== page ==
I became distracted by what seemed to be a riot going on up ahead. As I neared I saw two men dressed in faded fatigues, one beating a woman with the butt of his AK whilst the other restrained her, laughing at her pathetic attempts to shield the blows directed at her head. She was screaming and shouting in a language I could not understand. The head Police vehicle hooted in recognition of their comrades who, in turn, cheered at the passing convoy. I glanced in the rear view mirror and quickly averted my gaze when I saw the rifle butt coming down on the defenceless woman’s head again.Driving through Luanda was an experience in itself. The streets of the capital were the worst I had ever seen with potholes of lunar proportions, temporarily filled with water, providing perfect homes for mosquitoes. My impression of Luanda was that of an old abandoned city that no one cared about any more. The reality was that millions of people lived in the area, many in temporary homes that had become all too permanent – sheds, garages and in one case, a family living inside a chicken coop. On my way through the city I saw people maimed either by war or landmines. Men, women and children came running up to the vehicles, begging for food or money or anything else we had. One man came up to my window when the convoy had momentarily stopped; he could hardly speak. It appeared that he only had half a face. This was a savage land and I struggled to take it all in.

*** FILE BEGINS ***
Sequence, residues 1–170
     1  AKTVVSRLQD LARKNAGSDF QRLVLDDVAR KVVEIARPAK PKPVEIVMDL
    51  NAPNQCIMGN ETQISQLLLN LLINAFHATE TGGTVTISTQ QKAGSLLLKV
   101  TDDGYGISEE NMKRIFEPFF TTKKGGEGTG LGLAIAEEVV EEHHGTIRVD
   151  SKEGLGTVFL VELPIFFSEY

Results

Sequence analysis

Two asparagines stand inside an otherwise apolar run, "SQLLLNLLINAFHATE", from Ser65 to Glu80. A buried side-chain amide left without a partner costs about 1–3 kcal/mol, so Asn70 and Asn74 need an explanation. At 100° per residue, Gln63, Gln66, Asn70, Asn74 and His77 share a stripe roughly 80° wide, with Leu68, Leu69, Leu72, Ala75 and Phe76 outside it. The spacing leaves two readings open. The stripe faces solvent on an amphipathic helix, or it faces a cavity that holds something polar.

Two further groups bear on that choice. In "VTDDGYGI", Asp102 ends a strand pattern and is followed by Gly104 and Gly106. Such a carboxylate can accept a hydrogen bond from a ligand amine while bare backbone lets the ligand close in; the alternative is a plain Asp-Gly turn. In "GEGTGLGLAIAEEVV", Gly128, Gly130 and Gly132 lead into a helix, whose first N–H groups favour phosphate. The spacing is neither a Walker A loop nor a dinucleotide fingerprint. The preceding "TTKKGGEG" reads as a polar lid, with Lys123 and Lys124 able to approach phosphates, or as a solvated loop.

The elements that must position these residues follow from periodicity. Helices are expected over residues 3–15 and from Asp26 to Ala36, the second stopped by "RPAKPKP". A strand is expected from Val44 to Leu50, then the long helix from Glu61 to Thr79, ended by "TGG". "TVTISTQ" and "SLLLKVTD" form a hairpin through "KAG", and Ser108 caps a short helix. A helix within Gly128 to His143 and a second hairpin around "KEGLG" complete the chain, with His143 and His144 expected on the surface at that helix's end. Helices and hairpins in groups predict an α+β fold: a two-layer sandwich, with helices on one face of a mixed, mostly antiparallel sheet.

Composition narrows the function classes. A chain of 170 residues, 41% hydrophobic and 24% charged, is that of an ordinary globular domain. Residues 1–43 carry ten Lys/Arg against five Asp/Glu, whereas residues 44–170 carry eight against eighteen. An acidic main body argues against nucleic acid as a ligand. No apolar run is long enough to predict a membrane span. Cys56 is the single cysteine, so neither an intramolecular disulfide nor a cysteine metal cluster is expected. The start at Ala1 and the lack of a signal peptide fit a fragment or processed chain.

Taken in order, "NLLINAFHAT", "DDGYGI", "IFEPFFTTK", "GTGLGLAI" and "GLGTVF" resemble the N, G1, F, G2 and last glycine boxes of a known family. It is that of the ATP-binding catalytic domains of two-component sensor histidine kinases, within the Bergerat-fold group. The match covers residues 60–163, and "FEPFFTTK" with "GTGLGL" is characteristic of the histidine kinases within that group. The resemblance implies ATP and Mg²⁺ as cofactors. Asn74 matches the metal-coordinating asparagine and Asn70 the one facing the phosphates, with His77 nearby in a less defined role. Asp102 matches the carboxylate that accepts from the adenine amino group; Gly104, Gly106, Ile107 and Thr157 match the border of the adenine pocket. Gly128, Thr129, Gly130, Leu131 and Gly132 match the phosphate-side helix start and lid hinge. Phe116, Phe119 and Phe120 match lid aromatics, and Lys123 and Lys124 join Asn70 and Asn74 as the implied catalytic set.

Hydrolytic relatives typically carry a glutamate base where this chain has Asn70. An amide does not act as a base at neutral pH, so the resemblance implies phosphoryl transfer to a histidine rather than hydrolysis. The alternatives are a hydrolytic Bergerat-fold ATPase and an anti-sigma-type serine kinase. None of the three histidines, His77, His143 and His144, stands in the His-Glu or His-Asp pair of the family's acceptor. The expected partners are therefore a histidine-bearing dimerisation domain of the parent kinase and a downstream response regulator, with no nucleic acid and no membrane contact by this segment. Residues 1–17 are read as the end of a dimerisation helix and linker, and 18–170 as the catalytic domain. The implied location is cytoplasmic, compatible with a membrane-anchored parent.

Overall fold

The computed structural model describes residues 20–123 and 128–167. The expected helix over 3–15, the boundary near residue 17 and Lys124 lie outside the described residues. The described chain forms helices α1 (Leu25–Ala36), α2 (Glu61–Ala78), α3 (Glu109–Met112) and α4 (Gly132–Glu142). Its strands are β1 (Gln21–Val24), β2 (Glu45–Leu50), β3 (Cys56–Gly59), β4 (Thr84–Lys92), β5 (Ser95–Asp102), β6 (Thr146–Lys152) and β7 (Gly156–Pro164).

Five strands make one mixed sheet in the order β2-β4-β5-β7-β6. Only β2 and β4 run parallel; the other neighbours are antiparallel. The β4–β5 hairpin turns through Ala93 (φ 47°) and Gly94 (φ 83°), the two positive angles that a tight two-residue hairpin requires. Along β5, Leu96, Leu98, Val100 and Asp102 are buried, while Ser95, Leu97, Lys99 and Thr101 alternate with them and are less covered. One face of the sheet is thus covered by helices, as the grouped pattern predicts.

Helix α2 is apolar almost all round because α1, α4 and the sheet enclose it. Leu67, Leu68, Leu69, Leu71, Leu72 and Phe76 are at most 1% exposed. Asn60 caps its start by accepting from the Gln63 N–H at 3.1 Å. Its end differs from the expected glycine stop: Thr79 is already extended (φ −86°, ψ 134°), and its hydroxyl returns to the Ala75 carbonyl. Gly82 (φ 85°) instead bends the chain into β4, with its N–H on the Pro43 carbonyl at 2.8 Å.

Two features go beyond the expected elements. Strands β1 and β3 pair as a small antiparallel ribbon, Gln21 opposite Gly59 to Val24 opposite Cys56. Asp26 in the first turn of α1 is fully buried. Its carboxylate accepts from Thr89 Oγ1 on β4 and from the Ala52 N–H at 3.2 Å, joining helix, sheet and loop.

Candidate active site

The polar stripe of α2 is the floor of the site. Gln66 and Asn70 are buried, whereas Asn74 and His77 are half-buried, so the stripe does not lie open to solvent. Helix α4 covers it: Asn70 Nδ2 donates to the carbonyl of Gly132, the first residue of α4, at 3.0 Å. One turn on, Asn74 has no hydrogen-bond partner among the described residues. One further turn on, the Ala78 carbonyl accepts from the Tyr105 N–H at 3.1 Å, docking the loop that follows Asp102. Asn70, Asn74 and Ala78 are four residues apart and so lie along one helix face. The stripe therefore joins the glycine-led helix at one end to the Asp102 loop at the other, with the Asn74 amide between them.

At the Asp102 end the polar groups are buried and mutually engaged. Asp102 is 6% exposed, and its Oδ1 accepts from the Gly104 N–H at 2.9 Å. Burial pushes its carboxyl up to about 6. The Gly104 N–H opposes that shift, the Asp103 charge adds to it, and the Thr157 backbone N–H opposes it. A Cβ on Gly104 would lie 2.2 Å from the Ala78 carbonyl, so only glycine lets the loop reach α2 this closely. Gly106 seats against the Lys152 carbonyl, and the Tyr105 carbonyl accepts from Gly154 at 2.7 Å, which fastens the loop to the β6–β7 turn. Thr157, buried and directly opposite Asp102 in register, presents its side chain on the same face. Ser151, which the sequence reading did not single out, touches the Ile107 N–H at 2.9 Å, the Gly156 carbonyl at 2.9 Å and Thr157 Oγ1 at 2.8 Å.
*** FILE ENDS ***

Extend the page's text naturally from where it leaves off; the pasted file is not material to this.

On arrival at our hotel, Piet pointed out the feature wall adjacent to the reception area. Hotel management were clearly patriotic as this wall, historically used for executions, was riddled with bullet holes and covered in blood stains yet elegantly lit with a soft up-light.